Painting Childhood, Compton Verney to 16 June
Mr & Mrs Ravilious, Fry Art Gallery, Saffron Walden 7 April to 27 October
I am a great admirer of Dr Amy Orrock’s exhibitions, and this show at Compton Verney looks as if it will match up to the fascinating Bruegel show she curated at the Holburne in Bath two years ago.
To bring together Van Dyck’s The Eldest Children of Charles I from the Royal Collection, Hogarth’s The Graham Children (National Gallery) and Millais’s Bubbles (Lady Lever Art Gallery, Liverpool), along with their preparatory sketches would be triumph enough – even without Steen, Leyster, Murillo, Johan Zoffany, Gainsborough, Reynolds, Winterhalter, Epstein, Spencer, Bourgeois and Freud hanging nearby. In all there are about 60 works gathered from collections around the country in this show.
The oldest child, as it were, is the short-lived Edward VI, seen as an infant Prince of Wales in a copy after Holbein, and then aged about 13, as king, painted in profile by William Scrots. This is a splendid piece of allegorical propaganda; despite his youth the monarch is presented as the Sun’s alter ego, to whom the heliotrope turns in homage. Two other Princes of Wales on show are Henry, the also short-lived elder son of James I, painted by Robert Peake, after killing a stag, and the long-lived future Edward VII, pictured in his sailor suit by Winterhalter in 1846, presumably at Osborne.
The final room is devoted to paintings, sketches and sculptures of artists’ own children, including work by the major 20th-century figures. To extend the theme, there is an accompanying exhibition of contemporary work, again of their own children, by three contemporaries, Chantal Joffe, Mark Fairnington and Matthew Krishanu.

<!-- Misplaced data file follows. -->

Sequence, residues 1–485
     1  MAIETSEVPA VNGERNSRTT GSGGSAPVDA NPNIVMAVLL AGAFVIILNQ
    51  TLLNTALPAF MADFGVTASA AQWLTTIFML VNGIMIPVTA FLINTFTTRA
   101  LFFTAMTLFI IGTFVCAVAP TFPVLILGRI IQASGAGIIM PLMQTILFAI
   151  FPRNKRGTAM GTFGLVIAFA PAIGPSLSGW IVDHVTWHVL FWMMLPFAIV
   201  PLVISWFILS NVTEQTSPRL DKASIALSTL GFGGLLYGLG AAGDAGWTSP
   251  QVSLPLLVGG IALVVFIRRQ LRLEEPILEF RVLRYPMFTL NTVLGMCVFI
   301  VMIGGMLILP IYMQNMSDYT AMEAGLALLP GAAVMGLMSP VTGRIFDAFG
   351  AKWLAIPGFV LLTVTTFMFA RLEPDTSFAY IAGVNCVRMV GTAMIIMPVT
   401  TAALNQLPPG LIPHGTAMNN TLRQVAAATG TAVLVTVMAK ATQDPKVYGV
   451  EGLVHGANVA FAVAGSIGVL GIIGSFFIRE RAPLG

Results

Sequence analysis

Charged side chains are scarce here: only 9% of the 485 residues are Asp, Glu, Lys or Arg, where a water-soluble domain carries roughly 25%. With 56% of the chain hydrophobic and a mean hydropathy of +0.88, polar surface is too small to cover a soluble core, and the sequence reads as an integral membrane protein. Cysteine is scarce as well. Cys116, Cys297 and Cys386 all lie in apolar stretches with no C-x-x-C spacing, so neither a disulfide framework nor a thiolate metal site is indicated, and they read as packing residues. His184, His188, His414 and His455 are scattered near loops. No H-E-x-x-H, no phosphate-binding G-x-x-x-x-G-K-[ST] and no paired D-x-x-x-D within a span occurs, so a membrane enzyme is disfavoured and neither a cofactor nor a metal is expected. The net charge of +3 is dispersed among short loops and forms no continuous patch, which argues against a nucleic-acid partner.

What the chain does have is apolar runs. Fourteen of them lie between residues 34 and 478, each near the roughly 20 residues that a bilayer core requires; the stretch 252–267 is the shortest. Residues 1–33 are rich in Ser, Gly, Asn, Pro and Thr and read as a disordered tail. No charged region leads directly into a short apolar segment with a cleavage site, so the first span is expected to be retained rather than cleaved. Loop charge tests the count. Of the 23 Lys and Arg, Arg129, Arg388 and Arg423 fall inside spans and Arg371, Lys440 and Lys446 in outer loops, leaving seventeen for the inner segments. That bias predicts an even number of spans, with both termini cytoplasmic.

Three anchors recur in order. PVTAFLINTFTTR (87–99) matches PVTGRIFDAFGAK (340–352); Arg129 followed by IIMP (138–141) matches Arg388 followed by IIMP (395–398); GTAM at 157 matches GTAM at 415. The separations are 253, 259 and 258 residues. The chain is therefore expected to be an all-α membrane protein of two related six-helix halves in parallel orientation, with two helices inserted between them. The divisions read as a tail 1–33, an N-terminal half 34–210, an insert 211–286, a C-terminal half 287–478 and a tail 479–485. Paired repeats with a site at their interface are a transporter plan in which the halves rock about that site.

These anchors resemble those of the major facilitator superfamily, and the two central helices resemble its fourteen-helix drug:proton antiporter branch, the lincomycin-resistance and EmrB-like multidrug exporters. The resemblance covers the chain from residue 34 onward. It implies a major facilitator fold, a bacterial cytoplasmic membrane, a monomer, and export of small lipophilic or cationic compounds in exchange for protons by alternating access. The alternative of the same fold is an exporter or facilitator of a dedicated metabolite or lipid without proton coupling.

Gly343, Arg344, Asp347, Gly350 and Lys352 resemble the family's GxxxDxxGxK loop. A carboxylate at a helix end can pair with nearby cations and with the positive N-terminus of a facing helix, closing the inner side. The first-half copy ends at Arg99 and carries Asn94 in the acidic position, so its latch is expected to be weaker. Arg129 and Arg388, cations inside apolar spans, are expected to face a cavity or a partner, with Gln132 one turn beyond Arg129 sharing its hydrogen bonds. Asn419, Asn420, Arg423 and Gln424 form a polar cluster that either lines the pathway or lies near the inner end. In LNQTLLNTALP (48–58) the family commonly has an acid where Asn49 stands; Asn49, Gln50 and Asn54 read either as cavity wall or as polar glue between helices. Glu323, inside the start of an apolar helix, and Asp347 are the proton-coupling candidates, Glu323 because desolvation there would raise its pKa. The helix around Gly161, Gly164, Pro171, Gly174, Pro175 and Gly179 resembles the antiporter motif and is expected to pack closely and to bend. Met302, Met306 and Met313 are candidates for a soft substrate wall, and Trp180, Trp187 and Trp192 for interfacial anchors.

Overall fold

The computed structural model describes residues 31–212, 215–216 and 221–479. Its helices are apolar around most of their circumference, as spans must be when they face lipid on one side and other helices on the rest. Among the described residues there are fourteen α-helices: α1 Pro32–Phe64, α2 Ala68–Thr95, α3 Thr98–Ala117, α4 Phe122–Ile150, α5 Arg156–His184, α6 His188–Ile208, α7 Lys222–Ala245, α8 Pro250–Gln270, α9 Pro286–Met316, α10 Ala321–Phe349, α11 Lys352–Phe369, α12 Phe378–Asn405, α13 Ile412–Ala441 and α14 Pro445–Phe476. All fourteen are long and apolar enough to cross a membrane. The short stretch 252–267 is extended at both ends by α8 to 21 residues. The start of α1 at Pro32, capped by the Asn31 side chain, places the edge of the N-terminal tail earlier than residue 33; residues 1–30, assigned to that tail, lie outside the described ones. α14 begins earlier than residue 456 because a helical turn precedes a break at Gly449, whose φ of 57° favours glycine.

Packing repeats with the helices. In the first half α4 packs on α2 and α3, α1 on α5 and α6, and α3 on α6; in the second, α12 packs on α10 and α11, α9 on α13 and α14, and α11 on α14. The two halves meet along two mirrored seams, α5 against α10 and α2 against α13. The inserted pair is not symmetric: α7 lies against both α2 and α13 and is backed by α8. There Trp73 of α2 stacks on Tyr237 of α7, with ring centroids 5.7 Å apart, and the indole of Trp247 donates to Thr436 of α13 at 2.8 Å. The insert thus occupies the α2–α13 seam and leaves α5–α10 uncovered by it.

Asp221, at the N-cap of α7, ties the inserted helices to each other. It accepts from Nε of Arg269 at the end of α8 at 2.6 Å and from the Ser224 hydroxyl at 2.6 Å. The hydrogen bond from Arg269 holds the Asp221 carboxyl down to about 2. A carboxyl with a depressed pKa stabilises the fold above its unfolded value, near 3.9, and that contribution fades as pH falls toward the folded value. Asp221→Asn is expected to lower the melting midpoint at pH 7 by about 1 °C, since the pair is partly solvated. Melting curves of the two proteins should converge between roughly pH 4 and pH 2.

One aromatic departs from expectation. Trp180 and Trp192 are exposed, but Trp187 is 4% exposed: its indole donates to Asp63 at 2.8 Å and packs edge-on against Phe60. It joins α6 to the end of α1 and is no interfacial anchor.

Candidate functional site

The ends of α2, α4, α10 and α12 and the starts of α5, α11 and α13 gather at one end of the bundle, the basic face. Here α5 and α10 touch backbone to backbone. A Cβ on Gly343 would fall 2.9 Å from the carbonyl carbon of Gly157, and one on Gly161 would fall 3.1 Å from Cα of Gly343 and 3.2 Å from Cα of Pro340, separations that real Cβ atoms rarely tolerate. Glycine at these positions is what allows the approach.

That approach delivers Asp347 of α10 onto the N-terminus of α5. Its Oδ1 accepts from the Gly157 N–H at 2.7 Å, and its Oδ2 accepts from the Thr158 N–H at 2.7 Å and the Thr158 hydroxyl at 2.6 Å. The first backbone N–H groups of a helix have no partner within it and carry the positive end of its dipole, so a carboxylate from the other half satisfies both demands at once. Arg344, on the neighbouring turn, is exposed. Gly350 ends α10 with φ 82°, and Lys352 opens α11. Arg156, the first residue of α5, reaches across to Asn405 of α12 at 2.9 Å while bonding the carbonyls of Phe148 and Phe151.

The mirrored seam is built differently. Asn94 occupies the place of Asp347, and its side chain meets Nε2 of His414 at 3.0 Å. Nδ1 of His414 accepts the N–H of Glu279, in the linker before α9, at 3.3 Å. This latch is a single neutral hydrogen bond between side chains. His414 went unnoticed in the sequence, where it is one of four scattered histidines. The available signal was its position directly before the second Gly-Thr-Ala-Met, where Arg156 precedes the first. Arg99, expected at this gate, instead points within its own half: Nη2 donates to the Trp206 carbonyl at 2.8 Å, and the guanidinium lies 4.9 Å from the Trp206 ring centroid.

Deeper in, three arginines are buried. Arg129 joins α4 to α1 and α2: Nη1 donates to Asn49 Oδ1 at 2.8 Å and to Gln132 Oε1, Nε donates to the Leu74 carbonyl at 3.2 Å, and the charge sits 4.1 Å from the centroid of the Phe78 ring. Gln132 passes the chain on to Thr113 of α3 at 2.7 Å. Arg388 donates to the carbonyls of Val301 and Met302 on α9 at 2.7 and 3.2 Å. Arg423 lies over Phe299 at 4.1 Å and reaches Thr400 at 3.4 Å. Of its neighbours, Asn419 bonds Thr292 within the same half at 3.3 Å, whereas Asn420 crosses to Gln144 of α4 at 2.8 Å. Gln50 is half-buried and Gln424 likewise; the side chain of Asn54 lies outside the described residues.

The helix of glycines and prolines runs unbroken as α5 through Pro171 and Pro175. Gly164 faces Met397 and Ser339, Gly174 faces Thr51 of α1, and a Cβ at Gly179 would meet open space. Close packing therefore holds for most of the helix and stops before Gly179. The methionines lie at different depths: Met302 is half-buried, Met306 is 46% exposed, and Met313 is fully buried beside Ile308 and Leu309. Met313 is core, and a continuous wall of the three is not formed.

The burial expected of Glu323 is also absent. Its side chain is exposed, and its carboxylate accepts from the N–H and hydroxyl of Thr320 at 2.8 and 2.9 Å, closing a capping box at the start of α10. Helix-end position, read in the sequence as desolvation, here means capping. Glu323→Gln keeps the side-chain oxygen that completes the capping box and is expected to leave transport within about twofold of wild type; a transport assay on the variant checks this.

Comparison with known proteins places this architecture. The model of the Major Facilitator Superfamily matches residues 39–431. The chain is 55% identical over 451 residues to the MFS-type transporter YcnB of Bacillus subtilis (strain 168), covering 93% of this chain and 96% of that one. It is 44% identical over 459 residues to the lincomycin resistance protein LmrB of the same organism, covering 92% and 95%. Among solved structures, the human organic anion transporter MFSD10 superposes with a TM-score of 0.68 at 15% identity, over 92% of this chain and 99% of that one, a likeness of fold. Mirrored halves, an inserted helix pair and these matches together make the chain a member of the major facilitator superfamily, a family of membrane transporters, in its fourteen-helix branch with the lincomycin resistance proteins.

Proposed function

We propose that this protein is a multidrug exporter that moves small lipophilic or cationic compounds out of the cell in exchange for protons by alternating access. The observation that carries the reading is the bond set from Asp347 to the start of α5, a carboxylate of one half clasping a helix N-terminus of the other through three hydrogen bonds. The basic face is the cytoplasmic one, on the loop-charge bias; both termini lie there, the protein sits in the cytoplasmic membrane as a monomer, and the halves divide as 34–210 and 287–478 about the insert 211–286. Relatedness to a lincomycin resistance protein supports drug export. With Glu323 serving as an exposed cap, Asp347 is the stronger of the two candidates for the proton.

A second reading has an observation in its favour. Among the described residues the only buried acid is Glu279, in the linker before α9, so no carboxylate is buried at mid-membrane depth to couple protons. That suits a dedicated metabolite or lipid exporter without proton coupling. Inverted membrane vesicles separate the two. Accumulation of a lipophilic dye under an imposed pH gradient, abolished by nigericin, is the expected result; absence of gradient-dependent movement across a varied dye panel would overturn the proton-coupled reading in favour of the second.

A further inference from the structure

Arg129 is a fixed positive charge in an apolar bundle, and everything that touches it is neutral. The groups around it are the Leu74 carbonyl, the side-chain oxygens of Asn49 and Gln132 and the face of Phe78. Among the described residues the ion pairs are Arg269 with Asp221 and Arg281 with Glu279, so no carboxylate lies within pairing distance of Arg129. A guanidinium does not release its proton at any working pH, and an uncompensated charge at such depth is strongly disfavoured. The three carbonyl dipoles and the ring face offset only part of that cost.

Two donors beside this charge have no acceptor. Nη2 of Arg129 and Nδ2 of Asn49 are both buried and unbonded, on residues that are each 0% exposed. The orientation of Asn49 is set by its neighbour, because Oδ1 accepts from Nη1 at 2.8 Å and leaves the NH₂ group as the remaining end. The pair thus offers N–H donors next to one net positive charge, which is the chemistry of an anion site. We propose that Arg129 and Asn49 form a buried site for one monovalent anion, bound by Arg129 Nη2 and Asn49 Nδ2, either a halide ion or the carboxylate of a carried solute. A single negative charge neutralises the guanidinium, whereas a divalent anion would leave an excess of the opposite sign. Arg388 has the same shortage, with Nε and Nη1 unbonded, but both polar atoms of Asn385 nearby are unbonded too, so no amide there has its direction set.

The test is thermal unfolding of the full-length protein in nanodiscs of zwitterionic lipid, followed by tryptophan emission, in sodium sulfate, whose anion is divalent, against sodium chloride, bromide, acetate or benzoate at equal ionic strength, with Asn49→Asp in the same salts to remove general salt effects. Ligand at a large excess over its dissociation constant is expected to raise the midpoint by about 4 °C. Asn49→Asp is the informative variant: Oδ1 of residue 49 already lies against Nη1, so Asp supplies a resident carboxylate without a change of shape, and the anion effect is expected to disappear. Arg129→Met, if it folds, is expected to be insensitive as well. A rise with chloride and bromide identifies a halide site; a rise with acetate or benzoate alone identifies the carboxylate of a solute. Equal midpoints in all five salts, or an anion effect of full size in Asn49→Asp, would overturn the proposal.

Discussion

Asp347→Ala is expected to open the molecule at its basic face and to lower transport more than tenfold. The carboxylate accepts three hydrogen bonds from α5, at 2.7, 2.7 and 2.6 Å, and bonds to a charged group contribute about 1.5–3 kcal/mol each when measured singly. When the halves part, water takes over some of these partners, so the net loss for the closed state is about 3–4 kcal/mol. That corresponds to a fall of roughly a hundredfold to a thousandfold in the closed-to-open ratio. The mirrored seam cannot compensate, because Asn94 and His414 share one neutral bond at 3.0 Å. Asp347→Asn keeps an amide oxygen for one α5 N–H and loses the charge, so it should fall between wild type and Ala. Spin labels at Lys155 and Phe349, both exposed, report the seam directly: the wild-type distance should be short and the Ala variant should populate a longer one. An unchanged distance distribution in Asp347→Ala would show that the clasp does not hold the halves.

I know that I am not alone among Oldie readers in loving the work of Eric Ravilious. His watercolours are sometimes dismissed by arty folk as too likeable to be liked. In fact, for all the charm and Englishness, they are very good indeed. He was another who died young, at 39 in 1942, one of three official artists killed in the Second World War. So, while one cannot say how his art might have developed, there is increasing strength in the late work.
His wife, Tirzah Garwood, also died comparatively early, of cancer in 1951. Her specialities were wood engraving and paper marbling, and in recent years her work has been retrieved from undeserved obscurity, partly owing to the belated publication in 2016 of her splendid autobiography Long Live Great Bardfield.
The country’s largest Ravilious collection is held by the Towner Gallery in Eastbourne, where he met Tirzah when he taught her at the art school, but the Fry has its own excellent examples in its North West Essex Collection. About 150 items are in the show, including watercolours, paintings, prints, papers, ceramics and box constructions, some of them loans from private collections, many of which have not been shown publicly before.
Although Mr and Mrs Ravilious enjoyed affairs, they remained very close. It’s intriguing to see the influence that they had upon each other’s work.